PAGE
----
Cunningham: Politics should be about ‘working together to do what’s right’

CHARLESTON, SC (WCSC) - Congressman-Elect Joe Cunningham told supporters Wednesday night he presented a message that resonated with voters across the Lowcountry and was ready to begin leading.

“I wanted to run a positive campaign that my son, Boone, could look back on and be proud of,” he said. “So that’s what we tried to do. We focused not on tearing our opponent down but on talking about the issues that affected folks at their kitchen table, like fixing health care, protecting Medicare, protecting Social Security. We offered solutions to ease the traffic problems, help our veterans, and, yes, focus in like a laser on protecting our shorelines from offshore drilling.”

Cunningham beat GOP candidate Katie Arrington, who had defeated Rep. Mark Sanford in the Republican primary earlier this year.

The win will place Cunningham in a seat no Democrat has held since the 1980s.

“This campaign started at a small kitchen table in West Ashley,” he said. “We did not have any staffers or money, and we didn’t know a thing about running for office. But we knew that if things didn’t change in Washington, that our children would inherit a country much more divided and divisive than any of us could imagine.”

Cunningham said he learned the day after launching that campaign that his wife, Amanda, was pregnant and called his son, Boone, the fuel that kept him going through the campaign.

Cunningham thanked Sanford for his years of service to the state and the district. He called Sanford a patriot and a "fierce defender of our environment," a legacy Cunningham said he intends to continue in Congress.

He then thanked his opponent, Arrington, who earlier in the day blasted Sanford as part of the reason she lost the race and part of the reason the district lost “its conservative agenda.”

“She’s a fighter, and proved that she’s run a spirited campaign following her accident,” he said. “Katie also lost her mom this year, but she still kept going. This has shown real courage on her behalf, and Amanda and I will continue to keep her in our prayers, and her family as well.”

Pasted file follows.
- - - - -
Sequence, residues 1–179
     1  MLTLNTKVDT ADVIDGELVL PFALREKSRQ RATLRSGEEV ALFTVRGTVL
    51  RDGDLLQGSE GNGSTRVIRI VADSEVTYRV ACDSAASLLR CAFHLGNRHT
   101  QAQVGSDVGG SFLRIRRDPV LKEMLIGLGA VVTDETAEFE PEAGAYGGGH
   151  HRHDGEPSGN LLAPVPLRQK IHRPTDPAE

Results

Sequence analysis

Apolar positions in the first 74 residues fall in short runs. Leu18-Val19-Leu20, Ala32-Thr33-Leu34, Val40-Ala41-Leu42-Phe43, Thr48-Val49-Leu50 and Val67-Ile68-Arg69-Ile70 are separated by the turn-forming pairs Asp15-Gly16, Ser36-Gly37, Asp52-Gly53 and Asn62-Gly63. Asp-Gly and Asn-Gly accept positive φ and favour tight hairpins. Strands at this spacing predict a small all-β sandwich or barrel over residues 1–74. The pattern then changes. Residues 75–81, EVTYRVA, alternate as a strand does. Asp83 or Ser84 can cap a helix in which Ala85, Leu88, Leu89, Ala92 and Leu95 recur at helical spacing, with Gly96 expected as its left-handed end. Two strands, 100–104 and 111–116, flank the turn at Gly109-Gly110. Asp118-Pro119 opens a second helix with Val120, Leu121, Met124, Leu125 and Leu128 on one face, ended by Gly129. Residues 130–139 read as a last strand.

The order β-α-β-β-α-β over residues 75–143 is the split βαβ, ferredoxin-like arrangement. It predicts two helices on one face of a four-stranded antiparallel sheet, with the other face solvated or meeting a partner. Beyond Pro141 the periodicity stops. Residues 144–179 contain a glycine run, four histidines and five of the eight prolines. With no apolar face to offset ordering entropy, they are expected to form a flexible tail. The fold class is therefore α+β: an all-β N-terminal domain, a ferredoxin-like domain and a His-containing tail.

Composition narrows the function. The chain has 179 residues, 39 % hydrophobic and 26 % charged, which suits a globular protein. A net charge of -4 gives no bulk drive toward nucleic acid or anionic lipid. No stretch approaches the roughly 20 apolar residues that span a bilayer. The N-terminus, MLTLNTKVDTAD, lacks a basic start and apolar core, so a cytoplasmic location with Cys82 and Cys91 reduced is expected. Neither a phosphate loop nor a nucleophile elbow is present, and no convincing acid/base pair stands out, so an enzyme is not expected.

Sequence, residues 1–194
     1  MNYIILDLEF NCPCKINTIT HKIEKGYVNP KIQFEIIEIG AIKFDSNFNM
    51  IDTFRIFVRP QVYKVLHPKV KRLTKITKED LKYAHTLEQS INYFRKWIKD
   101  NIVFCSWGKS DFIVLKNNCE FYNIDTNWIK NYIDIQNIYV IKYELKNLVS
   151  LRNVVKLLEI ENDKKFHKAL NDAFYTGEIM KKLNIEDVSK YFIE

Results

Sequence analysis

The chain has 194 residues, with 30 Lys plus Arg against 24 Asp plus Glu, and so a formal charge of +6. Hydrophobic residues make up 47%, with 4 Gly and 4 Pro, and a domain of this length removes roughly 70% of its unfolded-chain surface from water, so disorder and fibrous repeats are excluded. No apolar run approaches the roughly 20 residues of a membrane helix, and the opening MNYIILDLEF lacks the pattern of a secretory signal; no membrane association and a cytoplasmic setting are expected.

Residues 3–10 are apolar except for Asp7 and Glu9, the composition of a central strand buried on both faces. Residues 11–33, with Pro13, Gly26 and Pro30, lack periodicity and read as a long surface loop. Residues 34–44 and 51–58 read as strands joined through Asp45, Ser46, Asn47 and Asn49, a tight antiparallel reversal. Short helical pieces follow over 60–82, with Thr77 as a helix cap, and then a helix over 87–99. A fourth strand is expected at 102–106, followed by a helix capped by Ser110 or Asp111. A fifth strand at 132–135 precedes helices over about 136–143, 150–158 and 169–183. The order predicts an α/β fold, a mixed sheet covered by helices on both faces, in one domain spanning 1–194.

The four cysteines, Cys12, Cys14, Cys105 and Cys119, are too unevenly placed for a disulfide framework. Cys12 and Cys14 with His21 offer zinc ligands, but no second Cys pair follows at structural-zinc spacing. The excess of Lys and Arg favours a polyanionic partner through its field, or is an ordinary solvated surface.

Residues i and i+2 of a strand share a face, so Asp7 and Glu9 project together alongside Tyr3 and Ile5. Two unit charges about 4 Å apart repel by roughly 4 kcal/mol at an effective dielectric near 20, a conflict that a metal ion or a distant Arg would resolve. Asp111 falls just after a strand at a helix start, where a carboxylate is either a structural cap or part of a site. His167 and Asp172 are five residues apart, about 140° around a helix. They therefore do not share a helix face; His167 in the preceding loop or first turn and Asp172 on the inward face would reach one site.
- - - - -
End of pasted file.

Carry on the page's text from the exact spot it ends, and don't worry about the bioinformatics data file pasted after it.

Cunningham is the first new Democrat from South Carolina to head to Congress since Jim Clyburn in 1992, according to the Associated Press.

“Along the way, I made some promises,” he said. “I said I wouldn’t take any corporate PAC money because I want to serve you, no one else. I made a term limits pledge, a maximum of three terms, six years, because the clock is ticking from day one, and I know that I will come home soon to live under the same laws that we pass. These are the promises I intend to keep.”

Both Cunningham and Arrington had to wait a pretty long time to find out the results as the race wasn’t called until around 2 a.m. on Wednesday as officials were continuing to count ballots. It was just after 1 a.m. on Wednesday that Cunningham’s watch party wrapped up, not because they wanted to, but because the building the watch party was being held at was shutting down for the night.

“Lowcountry Over Party” was Cunningham’s slogan leading up to election day, promising coastal voters he will work across party lines to tackle issues like off-shore drilling and infrastructure needs.

That may be why some experts called the race a competitive one.

Cunningham has appealed to some Republican voters by offering a more moderate approach than Arrington’s staunch support of President Donald Trump and his initiatives.

Cunningham has even garnered support from some Republican mayors and other leaders in the Lowcountry.

But the question remained whether that would be enough to help him topple the Republican majority that has controlled this district that spans across parts of five counties.

In a poll commissioned by End Citizens United, Arrington was favored by seven points heading into the general election.

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